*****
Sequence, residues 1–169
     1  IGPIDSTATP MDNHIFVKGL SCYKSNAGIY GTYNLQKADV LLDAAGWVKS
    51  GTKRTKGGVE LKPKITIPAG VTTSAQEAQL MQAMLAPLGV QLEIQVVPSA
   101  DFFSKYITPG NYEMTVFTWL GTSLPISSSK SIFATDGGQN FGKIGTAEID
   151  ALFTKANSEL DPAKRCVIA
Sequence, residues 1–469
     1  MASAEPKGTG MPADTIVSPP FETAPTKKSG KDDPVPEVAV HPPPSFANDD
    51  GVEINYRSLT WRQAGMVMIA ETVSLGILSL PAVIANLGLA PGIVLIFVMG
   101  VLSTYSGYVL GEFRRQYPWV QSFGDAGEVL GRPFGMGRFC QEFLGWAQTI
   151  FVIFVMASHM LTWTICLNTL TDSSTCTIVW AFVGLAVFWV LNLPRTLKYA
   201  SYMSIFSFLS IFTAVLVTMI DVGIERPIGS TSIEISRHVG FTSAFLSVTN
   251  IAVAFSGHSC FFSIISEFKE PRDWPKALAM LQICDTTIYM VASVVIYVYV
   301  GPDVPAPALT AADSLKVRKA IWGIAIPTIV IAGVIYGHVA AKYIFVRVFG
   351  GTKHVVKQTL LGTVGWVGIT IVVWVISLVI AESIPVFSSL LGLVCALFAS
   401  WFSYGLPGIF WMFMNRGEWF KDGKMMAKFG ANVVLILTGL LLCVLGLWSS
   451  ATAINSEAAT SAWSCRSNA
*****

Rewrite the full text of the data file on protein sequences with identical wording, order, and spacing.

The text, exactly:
Sequence, residues 1–169
     1  IGPIDSTATP MDNHIFVKGL SCYKSNAGIY GTYNLQKADV LLDAAGWVKS
    51  GTKRTKGGVE LKPKITIPAG VTTSAQEAQL MQAMLAPLGV QLEIQVVPSA
   101  DFFSKYITPG NYEMTVFTWL GTSLPISSSK SIFATDGGQN FGKIGTAEID
   151  ALFTKANSEL DPAKRCVIA
Sequence, residues 1–469
     1  MASAEPKGTG MPADTIVSPP FETAPTKKSG KDDPVPEVAV HPPPSFANDD
    51  GVEINYRSLT WRQAGMVMIA ETVSLGILSL PAVIANLGLA PGIVLIFVMG
   101  VLSTYSGYVL GEFRRQYPWV QSFGDAGEVL GRPFGMGRFC QEFLGWAQTI
   151  FVIFVMASHM LTWTICLNTL TDSSTCTIVW AFVGLAVFWV LNLPRTLKYA
   201  SYMSIFSFLS IFTAVLVTMI DVGIERPIGS TSIEISRHVG FTSAFLSVTN
   251  IAVAFSGHSC FFSIISEFKE PRDWPKALAM LQICDTTIYM VASVVIYVYV
   301  GPDVPAPALT AADSLKVRKA IWGIAIPTIV IAGVIYGHVA AKYIFVRVFG
   351  GTKHVVKQTL LGTVGWVGIT IVVWVISLVI AESIPVFSSL LGLVCALFAS
   401  WFSYGLPGIF WMFMNRGEWF KDGKMMAKFG ANVVLILTGL LLCVLGLWSS
   451  ATAINSEAAT SAWSCRSNA